Paul Jeffrey, February 12, 2009

A letter to my supporting congregations
12 February 2009 - Yei, Southern Sudan

Dear friends:

I’m a big fan of early morning sunlight. Especially in Africa, the low angle
make those early rays of light almost magical as they illumine faces, especially
eyes, in a way that makes it much easier to capture compelling images. So even
though I’d love to sleep late, I inevitably insist on getting up while it’s
still dark in order to be in the field when the sun comes up. It doesn’t win
me any points with colleagues, and it certainly complicates cultural
relationships in an environment where being on time is a relative concept. Yet
it does provide a different vantage point on what’s happening in the world.

I’m in Southern Sudan currently, wrapping up a week of interviews and
photography. Sudan is the geographical focus of the mission schools this coming
summer, so I came here to prepare material to help others understand the unique
challenges of the semi-autonomous south of the country. The people here suffered
during decades of bloody civil war before a 2005 peace agreement with the
Khartoum government ended the fighting and prepared the way for possible
autonomy in the near future. There’s a United Methodist Church here–small,
poor and somewhat dysfunctional–and UMCOR is drilling wells and building
schools, while at the same time training community and parents groups to be
involved in making schools work.

As we’ve set off toward rural villages in the predawn darkness, we’ve wound
through the rutted streets of Yei, the headlights of our four-wheel drive
vehicle illuminating the thatched roof huts of the poor–and between the houses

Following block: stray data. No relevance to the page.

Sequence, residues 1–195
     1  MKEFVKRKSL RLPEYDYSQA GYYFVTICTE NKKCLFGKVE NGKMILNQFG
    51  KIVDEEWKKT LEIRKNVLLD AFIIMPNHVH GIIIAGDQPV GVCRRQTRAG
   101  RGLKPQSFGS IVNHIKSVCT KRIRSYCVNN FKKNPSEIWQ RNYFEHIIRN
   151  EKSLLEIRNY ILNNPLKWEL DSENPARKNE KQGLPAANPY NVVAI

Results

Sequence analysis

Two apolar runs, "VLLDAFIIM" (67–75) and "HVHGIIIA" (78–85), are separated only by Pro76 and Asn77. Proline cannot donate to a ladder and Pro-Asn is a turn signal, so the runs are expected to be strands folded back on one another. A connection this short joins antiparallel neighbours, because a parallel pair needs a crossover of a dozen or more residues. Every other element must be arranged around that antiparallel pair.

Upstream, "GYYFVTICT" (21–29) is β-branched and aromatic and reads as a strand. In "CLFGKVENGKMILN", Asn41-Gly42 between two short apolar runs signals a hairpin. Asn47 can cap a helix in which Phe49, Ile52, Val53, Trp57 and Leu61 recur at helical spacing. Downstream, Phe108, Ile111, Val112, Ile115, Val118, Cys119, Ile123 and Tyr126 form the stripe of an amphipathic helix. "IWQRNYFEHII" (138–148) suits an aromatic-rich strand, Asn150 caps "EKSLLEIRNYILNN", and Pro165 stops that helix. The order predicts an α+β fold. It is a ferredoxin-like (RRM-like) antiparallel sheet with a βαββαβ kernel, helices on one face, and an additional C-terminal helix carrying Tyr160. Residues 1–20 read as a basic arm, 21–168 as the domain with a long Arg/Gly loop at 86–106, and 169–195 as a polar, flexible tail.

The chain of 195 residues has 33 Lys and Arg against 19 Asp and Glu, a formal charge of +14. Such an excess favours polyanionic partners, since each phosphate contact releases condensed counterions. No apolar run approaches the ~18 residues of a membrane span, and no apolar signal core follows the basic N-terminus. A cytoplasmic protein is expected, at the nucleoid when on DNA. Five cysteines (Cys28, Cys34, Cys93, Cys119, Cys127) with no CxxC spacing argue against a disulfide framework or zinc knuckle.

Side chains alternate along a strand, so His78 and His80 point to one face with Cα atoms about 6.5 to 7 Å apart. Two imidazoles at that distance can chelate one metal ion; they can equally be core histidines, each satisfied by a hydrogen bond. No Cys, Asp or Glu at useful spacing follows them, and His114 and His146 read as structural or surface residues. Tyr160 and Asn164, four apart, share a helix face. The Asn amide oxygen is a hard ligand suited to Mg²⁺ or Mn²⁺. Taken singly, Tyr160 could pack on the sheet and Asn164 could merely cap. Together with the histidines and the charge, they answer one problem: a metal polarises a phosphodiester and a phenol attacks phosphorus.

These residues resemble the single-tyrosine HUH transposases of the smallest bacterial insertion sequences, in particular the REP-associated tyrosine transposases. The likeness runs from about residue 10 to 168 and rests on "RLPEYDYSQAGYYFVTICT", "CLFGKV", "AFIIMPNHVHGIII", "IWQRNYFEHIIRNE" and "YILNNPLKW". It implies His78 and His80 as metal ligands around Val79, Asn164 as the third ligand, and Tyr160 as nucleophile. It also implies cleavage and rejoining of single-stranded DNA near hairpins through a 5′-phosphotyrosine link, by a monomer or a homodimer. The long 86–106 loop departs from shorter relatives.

and along the road, scores of women walking in the dark to fetch water. Women
and girls are the water carriers of this world, and here as in so many places
they rise long before men to begin that task while it is still cool. And since
there simply aren’t enough hand-pumped wells to meet everyone’s needs, the
earlier they start the better chance they have to get what their family needs.

If you’ve got a little more money, you can hire a woman to get you water. One
United Methodist woman I met, Tamara Kako, is a widow who supports her family by
carrying water to construction sites and middle class homes. Carrying two to
three gallons on her head during each trip, she can earn a couple of dollars in
four to five hours of work. When she’s done carrying someone else’s water,
then she can start to carry what she needs to feed and bathe her family and keep
her dirt-floored hut clean.

Tamara and the other women who start carrying water in the shadowy mornings
work all day long. And they work hard. Like poor women around the planet, they
and their children survive because of the women’s strength and stamina.

I flee from generalizations, but after years of observing life in poor
countries I’m convinced that women work harder than men. Women rise earlier,
work later, and while they enjoy moments of conversation at the well, they